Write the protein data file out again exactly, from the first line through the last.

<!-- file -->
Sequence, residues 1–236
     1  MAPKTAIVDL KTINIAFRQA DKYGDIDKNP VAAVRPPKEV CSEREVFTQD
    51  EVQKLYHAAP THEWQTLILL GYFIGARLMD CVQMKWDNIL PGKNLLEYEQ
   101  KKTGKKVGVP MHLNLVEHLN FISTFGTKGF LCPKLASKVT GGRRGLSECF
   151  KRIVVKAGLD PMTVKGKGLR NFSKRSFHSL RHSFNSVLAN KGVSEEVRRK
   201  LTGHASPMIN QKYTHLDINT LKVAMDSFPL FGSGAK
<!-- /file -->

Sequence, residues 1–236
     1  MAPKTAIVDL KTINIAFRQA DKYGDIDKNP VAAVRPPKEV CSEREVFTQD
    51  EVQKLYHAAP THEWQTLILL GYFIGARLMD CVQMKWDNIL PGKNLLEYEQ
   101  KKTGKKVGVP MHLNLVEHLN FISTFGTKGF LCPKLASKVT GGRRGLSECF
   151  KRIVVKAGLD PMTVKGKGLR NFSKRSFHSL RHSFNSVLAN KGVSEEVRRK
   201  LTGHASPMIN QKYTHLDINT LKVAMDSFPL FGSGAK